Persie Mapili’s life was not that unusual. Born poor some forty-four years ago; she eventually met and fell in love with a handsome young Filipino. They were married and started their family. As time passed Persie’s focus became her five children. She dedicated her life to helping them escape the very poverty she had suffered. Her sacrifices were never ending. If there was one bite of food left, her children got it. If there was one peso left, she spent it on clothes and school supplies for them. All her money and energy went into her children and their future. She encouraged them and monitored their academic progress. Two of her children are now university graduates and earning a good living. Two are still in the university and the last one is doing well in high school.
What started as a small lump in her breast began to grow and was uncomfortable. Again she sacrificed for her children. Rather than see a doctor she spent the money on tuition fees. Later as the discomfort became pain she finally was forced to see that doctor. It was breast cancer. If they operated and treated it, they might be able to save her life or at least give her a few more years. The ride home in the pedicab was long and silent. She stared at the road as it sped by, thinking about her choices. By the time she reached home her mind was made up. She would make one more sacrifice for her children. She would give up her life.
There was no expensive surgery, no expensive medicines; she continued to dedicate her life to her children and their future. Her children suffered whenever she cried out in pain, so she endured the pain without sound or tears. Even on the final day of her life she showed no sign of the searing pain that tore through her body. Her last words were, “I am fine; Go study.”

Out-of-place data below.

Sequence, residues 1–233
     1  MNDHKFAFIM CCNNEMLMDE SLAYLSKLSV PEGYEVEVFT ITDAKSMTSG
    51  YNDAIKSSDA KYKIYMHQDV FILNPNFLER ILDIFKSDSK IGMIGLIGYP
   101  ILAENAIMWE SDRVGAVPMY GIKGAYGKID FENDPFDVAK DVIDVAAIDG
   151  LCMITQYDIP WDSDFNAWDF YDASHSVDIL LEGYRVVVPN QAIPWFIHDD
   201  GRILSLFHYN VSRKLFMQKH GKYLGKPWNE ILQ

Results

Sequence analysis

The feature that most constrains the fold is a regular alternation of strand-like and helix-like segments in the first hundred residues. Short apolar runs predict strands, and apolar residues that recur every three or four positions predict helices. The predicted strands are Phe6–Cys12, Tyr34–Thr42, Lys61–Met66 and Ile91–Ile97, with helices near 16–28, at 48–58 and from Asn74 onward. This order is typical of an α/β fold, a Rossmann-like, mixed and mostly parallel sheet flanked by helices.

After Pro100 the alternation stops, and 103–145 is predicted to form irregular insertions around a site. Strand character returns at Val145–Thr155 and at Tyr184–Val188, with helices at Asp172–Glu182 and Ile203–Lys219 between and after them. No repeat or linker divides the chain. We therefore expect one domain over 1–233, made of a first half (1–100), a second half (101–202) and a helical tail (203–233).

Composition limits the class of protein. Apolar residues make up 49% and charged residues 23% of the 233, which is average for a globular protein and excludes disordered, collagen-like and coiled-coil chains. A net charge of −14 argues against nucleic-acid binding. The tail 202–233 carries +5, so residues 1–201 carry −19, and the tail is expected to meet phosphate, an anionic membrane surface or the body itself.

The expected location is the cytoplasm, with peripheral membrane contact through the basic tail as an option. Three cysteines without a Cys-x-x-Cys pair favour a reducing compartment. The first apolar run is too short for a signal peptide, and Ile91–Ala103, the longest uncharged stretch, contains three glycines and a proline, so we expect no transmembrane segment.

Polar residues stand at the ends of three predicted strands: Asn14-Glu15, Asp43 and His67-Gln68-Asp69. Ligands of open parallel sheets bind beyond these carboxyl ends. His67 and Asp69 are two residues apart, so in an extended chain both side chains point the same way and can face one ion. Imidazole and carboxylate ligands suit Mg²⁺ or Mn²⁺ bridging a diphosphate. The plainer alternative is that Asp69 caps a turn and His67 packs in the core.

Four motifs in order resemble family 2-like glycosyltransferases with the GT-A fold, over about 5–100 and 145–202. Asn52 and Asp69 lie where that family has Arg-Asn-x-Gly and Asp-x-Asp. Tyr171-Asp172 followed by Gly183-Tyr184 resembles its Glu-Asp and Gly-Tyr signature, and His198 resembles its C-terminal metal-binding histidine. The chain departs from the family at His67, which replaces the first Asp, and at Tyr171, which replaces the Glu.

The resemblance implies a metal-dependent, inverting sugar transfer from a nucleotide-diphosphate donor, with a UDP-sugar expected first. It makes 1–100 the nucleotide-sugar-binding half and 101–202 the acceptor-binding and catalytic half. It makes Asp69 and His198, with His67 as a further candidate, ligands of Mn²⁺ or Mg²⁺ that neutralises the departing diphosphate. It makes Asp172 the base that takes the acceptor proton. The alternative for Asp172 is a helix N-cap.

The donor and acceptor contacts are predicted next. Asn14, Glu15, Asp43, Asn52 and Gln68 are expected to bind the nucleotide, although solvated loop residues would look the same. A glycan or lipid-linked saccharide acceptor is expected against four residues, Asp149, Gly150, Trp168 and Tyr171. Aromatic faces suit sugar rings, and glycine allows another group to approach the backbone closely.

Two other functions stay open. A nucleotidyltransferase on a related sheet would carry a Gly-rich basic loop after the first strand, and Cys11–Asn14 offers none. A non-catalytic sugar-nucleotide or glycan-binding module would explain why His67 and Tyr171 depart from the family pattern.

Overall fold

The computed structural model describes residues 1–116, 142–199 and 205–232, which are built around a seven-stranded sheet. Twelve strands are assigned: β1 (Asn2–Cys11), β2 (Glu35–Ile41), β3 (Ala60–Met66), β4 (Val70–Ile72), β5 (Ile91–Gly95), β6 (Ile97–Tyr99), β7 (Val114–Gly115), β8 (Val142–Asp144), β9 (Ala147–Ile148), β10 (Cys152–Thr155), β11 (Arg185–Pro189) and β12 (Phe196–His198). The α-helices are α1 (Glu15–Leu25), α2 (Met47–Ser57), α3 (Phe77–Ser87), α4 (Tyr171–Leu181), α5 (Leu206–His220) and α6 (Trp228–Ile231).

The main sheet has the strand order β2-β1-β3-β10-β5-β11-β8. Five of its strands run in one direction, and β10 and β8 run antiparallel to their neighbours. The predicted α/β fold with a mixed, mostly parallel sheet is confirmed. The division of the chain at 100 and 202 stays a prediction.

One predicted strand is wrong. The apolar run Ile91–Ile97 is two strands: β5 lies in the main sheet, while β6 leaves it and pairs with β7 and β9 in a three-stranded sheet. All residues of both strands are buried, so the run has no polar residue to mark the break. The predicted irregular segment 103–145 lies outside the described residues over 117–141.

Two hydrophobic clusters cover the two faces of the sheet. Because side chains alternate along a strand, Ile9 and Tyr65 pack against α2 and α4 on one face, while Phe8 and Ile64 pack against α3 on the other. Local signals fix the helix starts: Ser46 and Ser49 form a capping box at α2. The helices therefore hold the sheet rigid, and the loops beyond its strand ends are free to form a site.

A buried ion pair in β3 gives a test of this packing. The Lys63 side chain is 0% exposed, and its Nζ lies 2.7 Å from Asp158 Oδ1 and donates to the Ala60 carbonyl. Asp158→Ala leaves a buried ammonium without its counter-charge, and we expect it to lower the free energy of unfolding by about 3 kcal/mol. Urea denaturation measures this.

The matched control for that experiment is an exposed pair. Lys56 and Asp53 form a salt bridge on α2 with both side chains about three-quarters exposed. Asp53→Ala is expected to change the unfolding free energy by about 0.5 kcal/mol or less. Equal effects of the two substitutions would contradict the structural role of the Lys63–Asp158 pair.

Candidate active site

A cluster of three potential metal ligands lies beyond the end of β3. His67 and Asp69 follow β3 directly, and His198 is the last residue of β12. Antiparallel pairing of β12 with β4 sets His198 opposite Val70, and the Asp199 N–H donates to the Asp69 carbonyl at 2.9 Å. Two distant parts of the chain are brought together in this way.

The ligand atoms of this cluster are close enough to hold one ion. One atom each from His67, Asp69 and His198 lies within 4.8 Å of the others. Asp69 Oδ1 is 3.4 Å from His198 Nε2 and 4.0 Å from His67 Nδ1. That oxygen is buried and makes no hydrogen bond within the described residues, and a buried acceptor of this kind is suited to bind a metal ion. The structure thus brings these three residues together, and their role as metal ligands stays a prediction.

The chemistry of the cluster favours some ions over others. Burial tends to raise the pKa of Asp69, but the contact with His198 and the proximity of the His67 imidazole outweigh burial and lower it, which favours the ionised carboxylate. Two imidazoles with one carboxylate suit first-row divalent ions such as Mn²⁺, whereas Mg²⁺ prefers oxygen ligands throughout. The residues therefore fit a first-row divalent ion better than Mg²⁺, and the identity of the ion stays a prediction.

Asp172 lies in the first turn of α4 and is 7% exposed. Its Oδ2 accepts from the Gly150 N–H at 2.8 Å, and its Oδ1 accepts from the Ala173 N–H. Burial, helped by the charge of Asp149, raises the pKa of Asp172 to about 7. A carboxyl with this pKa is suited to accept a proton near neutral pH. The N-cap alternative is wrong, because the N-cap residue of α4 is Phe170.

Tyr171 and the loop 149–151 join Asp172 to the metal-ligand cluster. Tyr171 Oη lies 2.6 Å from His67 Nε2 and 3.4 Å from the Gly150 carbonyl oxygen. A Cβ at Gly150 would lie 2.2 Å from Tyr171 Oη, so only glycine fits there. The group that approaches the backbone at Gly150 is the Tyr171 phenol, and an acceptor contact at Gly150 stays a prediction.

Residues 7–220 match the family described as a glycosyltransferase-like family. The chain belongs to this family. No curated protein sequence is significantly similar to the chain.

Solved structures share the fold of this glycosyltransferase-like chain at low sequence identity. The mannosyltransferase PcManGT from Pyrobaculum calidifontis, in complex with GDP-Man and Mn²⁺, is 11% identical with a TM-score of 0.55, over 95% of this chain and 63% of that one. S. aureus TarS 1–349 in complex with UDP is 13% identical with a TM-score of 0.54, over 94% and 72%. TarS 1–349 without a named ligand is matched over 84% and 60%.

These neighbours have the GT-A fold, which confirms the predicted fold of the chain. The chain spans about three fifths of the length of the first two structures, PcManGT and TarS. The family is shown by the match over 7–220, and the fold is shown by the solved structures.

While I honor and respect Persie’s sacrifice, I can not help but think her family would prefer to have her at their side. Her children would rather have her smile than ten diplomas.
The Philippines is the leading country in Asia for breast cancer deaths. Breast Cancer is the third major cause of death in the Philippines. We even have more breast cancer deaths than several of the larger western countries. During a World Health Breast Cancer survey in Manila 54% of the women examined were found to have signs of possible breast cancer; of those examined only 27% sought medical treatment. While breast cancer can be cured if caught early enough, in the Philippines one out of every two breast cancer victims will die the first year because they were not diagnosed or treated soon enough. Over 64,998 Filipinas and Filipinos are diagnosed with this disease every year. (Yes, men get breast cancer too.)
Who is at risk for breast cancer?
*High risk people are men and women between 35 and 50 years old. But BC can strike teenagers also.
*People who have a family history of breast cancer are at higher risk.
*If you use contraceptives you increase your chance of getting breast cancer.
*Post menopausal women are at a greater risk.
*If your first pregnancy was after your 34th birthday the risk is higher.
*If you are infertile and can not have children you are at greater risk.
*Some foods can increase your BC risk ( Deep fried foods, food boiled in coconut milk, charred meat, etc)
*Not getting a regular medical check up puts you at greater risk. If you can afford it get an annual mammogram. At the very least give yourself a periodic breast self exam. Have your husband help you with the exam. You can help him check for testicullar cancer. Do not wait for something to hurt. When it hurts it is often too late.
Many Filipinas/Filipinos put off seeing a doctor thinking, “What I do not know can not hurt me.” “Why spend the money?” “I feel fine an exam is a waste of time.” There is an endless stream of excuses and that stream often ends in the cemetery. Your family NEEDS you. Be an Everyday Hero, prevent breast cancer; get an exam regularly and teach your friends to do the same.